Don’t get me wrong, I am a huge advocate of helping our employees to grow and seeing them progress. We have a long history of developing staff and I am proud to say that in some cases this has been all the way from intern to account director. I also like to think that we work hard to help people gain the skills they need at every step. But is promoting people up the ladder in a way that takes them away from what they are good at the best approach? Are we too fixated on the job title and what that represents, as opposed to the type of work we do, what level of responsibility we have across the account and if the work we do fills our tank?

Perhaps we should flip the model on its head. Rather than progression into management being a given, perhaps pay rises and promotions don’t need to mean taking on an entirely new set of skills.

Interestingly, this was something that came up at an IPREX conference where I took every opportunity to peek over the desk into my colleagues’ agencies to gain valuable insight. It turns out, I am not the only one asking these questions. Several partners at the conference pointed out that they were experiencing similar challenges. They are also asking: how do you keep up with the pace of demand for promotions and increases, keep your ambitious staff happy and keep your best people doing what they do best?

In practice, however, making changes that address these questions isn’t clear. We discussed a lot of different ideas at the conference and while they were great food for thought, I’m not sure many of us are ready to dive headfirst into implementing them.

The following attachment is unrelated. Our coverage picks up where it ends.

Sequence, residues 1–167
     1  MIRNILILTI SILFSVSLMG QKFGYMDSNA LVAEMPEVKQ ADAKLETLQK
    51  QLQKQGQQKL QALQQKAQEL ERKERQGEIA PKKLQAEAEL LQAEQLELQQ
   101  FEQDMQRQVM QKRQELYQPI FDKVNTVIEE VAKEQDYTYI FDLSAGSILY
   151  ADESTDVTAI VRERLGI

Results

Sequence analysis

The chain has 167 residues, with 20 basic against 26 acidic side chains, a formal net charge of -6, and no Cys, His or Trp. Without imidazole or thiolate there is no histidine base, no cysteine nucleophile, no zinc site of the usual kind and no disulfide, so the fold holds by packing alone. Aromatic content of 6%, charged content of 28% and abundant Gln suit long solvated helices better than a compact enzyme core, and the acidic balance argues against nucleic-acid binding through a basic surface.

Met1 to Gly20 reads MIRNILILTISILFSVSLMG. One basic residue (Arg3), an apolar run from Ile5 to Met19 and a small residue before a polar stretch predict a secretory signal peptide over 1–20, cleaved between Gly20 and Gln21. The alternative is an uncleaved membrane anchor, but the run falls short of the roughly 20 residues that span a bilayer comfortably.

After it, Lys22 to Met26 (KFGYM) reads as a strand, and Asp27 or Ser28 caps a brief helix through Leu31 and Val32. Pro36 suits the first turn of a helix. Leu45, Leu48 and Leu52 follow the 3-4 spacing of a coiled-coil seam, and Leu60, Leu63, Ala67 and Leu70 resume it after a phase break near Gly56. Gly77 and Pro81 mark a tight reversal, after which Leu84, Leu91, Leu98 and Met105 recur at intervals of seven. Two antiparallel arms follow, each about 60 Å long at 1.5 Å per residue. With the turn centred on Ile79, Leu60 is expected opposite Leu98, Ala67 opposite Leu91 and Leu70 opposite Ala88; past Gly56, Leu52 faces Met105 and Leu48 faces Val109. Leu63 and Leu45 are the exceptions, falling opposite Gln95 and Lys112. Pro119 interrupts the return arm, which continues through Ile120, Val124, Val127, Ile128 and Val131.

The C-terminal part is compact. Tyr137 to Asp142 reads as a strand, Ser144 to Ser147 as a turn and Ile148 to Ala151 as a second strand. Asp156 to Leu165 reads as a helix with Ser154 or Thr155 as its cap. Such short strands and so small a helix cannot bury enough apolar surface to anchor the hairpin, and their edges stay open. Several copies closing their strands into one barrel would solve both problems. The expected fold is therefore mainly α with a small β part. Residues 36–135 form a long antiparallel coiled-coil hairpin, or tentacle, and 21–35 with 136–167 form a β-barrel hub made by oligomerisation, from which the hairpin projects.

We talked about things like introducing new people management type roles that would help us keep our best and brightest on the forefront of delivering client work (and no I’m not just talking about a lone HR advisor). Or tying pay rises to KPIs in existing roles rather than tying them so closely to job titles. I think the concept of doing away with job titles altogether came up too (as it usually does in discussions around organisational structure).

These radical ideas seem exciting and sensible in theory, but they aren’t without their own challenges either. They would also take a lot of work to implement, not just from a practicality standpoint but culturally – and probably at a level well beyond our organisation alone. To not only remove the rung that someone on your team was reaching for but the entire ladder wouldn’t just be unfair, but completely disorienting. You could say that this is the reality of company restructures in general, but in an industry where job hierarchy has long been a part of the territory, the impact for an agency I predict would be much bigger.

In all honesty, we would need to change the agency model entirely, find new ways of working and adapt the way we view career progression. These things aren’t inherently bad, and, in the future, they might be hugely beneficial for our team members and clients.

As an agency, we are incredibly lucky to have the best and the brightest in our teams and are incredibly proud of the way we grow as individuals and a team every day. But these discussions are important not just for agencies, but for all leaders to be having. We need to think bigger and with the future in mind.  I think there is a real need for businesses to re-evaluate how they review performance, how incentives are determined and how they can embrace collaborative working more openly. 

Our people are our most valuable asset and that is not about to change. Perhaps It will be one of the few constants in the agency of the future.